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Packaging: Designed by Nantes, when packaging promotes the territory

Packaging: Designed by Nantes, when packaging promotes the territory

A grassroots marketing exercise for the conference given by Paul Vickers and Nathalie Templier: showcasing Nantes and its specialties with promotional packaging. The question brought up to Third-year students in Graphic Design in attendance during the intense, week-long session in January 2013 was a haven for brainstorming.

Local products, regional advocates?

Choosing a local specialty, a company or an institution in the area, and creating brand identity with signs and objects alongside special packaging that doubles as a signature were the challenges set forth by Paul Vickers (2010 lecturer on “H²0 ecology - the new luxury”, and “organic” luxury in 2011) and Nathalie Templier (Course Leader for Graphic Design undergraduate studies). "Designed by Nantes" or "design in Nantes" were among the proposals aimed at creating a label that features products and concrete situations.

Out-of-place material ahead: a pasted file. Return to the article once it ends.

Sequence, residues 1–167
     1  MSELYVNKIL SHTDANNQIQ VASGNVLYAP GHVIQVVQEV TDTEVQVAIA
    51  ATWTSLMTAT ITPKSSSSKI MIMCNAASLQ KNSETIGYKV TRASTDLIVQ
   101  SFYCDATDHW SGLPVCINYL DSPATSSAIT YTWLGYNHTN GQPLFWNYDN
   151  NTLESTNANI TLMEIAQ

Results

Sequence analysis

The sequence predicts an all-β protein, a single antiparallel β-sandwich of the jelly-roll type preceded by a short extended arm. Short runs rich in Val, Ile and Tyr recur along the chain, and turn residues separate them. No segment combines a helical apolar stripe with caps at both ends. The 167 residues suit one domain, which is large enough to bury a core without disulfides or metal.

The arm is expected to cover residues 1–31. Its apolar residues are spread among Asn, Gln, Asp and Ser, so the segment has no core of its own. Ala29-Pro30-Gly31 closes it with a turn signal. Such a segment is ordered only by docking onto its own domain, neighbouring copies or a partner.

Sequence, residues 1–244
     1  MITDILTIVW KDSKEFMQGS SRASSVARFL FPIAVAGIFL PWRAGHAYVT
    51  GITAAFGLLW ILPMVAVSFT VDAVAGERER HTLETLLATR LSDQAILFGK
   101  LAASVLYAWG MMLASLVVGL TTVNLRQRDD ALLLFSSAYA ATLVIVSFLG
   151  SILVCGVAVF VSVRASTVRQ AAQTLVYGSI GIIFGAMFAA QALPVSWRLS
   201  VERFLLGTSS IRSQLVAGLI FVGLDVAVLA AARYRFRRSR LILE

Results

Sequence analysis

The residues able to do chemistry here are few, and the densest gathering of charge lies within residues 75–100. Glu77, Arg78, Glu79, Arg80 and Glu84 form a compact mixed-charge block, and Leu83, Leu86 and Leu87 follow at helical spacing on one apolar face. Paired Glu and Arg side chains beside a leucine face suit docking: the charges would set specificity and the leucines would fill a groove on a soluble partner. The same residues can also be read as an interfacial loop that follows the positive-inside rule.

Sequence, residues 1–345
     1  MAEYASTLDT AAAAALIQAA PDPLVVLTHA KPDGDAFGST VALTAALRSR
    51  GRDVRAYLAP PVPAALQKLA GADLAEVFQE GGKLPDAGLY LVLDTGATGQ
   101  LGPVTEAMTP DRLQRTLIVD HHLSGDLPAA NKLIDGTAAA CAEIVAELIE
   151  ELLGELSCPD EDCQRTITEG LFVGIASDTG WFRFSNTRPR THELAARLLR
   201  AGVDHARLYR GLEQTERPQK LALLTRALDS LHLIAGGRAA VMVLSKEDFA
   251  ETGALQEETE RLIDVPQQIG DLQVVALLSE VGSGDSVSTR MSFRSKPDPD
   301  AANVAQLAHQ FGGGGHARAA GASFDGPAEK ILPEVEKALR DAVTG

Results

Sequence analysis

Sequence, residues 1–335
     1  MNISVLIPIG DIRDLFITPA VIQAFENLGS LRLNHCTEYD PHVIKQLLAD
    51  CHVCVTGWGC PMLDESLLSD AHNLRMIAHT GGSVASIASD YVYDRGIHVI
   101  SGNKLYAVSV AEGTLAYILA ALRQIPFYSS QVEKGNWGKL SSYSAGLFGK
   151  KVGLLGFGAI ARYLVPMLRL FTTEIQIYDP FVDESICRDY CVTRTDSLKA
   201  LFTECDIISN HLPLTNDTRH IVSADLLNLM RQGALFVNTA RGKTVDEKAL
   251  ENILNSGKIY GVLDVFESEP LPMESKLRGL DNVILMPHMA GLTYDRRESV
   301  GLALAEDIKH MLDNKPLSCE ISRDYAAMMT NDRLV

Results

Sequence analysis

From ships to chips

Students in teams of four tackled the issue, and came up with a series of solutions ranging from regionally-made goodies to ship-building, not to mention airports, pyramid-shaped hard candy and sea salt from Guérande. Below is just a handful of examples…

Curé Nantais packaging by Antoine Bardet, Marine Bodin, Lola Charpentier and Florian Pondevie

Laurette Bigeart, Flora Brochier, Jean-Baptiste Henrio and Anh-Thu Tran decided to expand the Nantes-native Muscadet wine family with an appropriately-named younger sibling, “Cadet”, offering a more modern look in its Tetra Pak™-like packaging. Nantes’s creative pool is symbolized by a constellation of dots on the label’s logo.

Antoine Bardet, Marine Bodin, Lola Charpentier and Florian Pondevie bundled up the local Curé Nantais cheese in an origami jewelry-type box dotted with simplicity and a touch of elegance reminiscent of Japan.

Travel kit AGO by Théo Boussion, Nassim Bouaza, Marc Lecerf and Simon Rochard

Théo Boussion, Nassim Bouaza, Marc Lecerf and Simon Rochard had those with transcontinental connections at the future Airport of Greater Western France in mind when they devised their sleek and use-rich travel kit aimed at seasoned travelers and on-the-go ambassadors. Maëva Baron, Camille Dechartres, Marine Gaillardon and Marianne Javelot spread their idea all the way out to the coast and ship-building capital Saint-Nazaire with their origami game, whose little box houses silhouettes of various vessels.

Every solution brought to the table underlines Nantes’s inherent qualities, be it openness, creativity or value-embedded meaning, and conveys relevance and originality.